Chief Executive Officer Orizin Technologies Pvt. Ltd. India.
1. The Indian healthcare sector is evolving. In this scenario how has RFID been received by the healthcare providers?
RFID is generating significant interest in the marketplace because of its robust application capabilities. RFID is helping hundreds of healthcare facilities across U.K, U.S and Germany to improve overall safety and operational efficiency because it operates without line-of-sight while providing read/write capabilities for dynamic item tracking.
We receive lots of queries from CIOs of the top Indian Hospitals to know more about RFID solutions and their benefits to healthcare. Some of the hospitals have already implemented RFID based “Dynamic Queue Management” solution for regular patients to reduce the wait time for lab testing. We plan to install the solution at some of the major hospitals in India this year.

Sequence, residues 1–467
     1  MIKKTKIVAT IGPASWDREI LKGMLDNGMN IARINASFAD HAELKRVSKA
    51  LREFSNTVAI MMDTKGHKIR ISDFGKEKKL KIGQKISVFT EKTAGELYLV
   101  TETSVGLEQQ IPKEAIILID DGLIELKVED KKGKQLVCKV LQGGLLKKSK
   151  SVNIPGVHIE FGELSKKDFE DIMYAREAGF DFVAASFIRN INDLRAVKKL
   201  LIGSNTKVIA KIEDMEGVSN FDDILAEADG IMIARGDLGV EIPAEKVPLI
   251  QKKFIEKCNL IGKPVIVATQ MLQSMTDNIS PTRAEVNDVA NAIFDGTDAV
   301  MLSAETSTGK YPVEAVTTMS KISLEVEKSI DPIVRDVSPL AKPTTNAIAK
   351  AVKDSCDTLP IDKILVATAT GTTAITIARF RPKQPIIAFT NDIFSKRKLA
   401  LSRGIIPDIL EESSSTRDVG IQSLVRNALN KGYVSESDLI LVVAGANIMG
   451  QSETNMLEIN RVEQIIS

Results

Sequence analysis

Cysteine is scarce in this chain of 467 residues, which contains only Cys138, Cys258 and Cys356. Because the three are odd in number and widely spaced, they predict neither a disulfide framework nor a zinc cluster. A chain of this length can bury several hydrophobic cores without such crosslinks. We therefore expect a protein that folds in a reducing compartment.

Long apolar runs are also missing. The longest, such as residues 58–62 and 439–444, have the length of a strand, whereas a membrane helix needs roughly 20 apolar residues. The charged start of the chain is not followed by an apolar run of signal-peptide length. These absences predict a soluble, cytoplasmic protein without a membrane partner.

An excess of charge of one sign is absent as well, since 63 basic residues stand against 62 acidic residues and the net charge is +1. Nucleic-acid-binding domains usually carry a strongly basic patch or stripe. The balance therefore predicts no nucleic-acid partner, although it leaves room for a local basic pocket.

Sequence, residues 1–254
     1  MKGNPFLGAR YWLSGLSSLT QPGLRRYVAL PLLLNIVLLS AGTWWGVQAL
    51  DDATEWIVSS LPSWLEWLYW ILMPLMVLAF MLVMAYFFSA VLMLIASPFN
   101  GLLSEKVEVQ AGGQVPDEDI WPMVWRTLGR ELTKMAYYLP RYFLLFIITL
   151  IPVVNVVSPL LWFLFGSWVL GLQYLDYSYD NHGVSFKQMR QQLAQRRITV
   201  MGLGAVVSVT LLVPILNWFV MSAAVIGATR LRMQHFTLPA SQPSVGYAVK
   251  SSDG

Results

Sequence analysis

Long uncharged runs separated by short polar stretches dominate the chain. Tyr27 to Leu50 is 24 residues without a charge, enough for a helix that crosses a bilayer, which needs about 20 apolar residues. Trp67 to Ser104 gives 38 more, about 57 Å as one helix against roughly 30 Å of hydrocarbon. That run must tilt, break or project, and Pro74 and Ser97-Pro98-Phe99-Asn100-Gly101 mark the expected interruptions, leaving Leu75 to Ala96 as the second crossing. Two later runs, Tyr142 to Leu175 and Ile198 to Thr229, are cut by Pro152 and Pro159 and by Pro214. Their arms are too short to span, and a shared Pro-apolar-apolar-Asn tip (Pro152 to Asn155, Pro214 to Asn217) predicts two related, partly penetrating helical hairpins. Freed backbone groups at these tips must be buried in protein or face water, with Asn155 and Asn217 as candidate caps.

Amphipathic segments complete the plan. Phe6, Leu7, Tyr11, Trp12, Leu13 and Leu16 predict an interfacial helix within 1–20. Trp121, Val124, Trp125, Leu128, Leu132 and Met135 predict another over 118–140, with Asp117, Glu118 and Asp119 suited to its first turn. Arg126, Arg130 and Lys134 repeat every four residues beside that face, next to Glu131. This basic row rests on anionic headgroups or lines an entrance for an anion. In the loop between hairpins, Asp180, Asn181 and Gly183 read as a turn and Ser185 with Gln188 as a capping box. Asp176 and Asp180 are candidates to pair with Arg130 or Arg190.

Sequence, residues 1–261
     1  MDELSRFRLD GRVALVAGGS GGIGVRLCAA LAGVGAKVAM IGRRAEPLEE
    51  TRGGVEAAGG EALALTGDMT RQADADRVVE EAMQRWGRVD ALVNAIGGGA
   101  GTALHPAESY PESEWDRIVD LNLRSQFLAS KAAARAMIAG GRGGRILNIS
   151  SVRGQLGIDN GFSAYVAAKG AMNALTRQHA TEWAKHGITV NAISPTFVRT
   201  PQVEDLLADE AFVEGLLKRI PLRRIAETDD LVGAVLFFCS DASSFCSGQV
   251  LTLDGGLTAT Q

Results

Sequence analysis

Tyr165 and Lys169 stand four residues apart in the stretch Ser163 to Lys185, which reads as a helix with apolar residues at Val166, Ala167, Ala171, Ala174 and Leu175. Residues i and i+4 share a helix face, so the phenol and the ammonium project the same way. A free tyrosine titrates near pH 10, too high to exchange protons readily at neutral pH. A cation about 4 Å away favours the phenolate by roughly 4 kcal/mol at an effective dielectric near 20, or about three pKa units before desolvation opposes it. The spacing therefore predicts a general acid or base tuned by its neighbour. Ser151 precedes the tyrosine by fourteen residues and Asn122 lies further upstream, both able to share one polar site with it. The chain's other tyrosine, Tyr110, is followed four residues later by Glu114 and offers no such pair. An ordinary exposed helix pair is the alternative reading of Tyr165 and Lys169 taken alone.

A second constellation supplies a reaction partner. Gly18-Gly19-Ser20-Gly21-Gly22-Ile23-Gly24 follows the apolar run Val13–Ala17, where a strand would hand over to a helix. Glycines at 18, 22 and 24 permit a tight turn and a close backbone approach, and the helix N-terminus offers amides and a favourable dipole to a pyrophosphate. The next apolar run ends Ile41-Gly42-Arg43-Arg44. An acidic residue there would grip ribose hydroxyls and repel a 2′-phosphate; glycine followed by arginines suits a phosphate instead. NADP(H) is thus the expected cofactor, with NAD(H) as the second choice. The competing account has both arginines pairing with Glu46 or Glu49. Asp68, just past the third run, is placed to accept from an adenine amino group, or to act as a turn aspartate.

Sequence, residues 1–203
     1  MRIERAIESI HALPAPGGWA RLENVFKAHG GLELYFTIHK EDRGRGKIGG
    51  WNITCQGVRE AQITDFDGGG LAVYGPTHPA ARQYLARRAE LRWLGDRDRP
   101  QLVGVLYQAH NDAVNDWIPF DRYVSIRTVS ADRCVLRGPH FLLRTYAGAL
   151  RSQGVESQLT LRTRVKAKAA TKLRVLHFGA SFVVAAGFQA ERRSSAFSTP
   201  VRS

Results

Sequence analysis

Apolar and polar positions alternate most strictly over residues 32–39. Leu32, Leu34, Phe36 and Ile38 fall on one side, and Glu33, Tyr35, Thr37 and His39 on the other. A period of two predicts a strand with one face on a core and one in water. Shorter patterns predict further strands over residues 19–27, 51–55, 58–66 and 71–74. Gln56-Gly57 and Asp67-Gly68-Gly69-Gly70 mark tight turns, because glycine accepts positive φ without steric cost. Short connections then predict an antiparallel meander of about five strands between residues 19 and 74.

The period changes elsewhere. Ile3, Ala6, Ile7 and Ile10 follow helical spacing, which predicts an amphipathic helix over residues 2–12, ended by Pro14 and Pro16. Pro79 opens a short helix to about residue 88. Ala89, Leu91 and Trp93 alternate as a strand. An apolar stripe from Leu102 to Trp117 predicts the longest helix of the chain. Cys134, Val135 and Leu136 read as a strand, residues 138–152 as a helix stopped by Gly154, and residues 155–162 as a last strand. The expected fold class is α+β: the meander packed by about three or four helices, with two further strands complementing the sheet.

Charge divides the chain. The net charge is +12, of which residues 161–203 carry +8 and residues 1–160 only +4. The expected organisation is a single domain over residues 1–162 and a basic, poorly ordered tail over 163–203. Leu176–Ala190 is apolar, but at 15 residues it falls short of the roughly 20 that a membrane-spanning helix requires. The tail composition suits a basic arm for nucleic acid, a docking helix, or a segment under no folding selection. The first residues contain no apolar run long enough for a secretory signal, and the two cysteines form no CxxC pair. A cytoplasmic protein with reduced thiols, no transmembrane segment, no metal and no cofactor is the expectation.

2. Given the potential of its applications, are hospitals in India likely to take to RFID like the Retail sector has?
Definitely! If we go back five years, barcodes were visible only on products like garments and that too mostly on imported ones. Today it is in the main stream and noticeable everywhere whether one buys a coke or gets a routine check-up at a hospital. We feel, as we go along, RFID would be more ubiquitous than barcode as it makes lots of applications possible. We cannot track patient and assets in real-time using barcode but it’s very much possible with active RFID technology
RFID is moving from retailers to hospitals, manufacturing and other sectors. It would be adopted faster than barcode due to its obvious benefits.
3. Countries like the US have led the way in using RFID, how have India and other Asian countries fared in comparison?
Although adoption of RFID in India has been slow (due to lack of awareness) the number of inquiries is increasing these days mainly for patient and asset tracking. In India, the general tendency is to follow the adoption rather than lead the revolution. Singapore and other neighboring countries are doing much better. Some of the major hospitals in Singapore like, Alexandra Hospital, and The National University Hospital, Singapore General Hospitals had implemented RFID technologies to track patients, staff and assets. The solution was a huge success during SARS outbreak. Similarly it is seen that there are lots of implementations in countries like China, Philippines, South Korea, Japan, U.A.E. and other technology leading countries.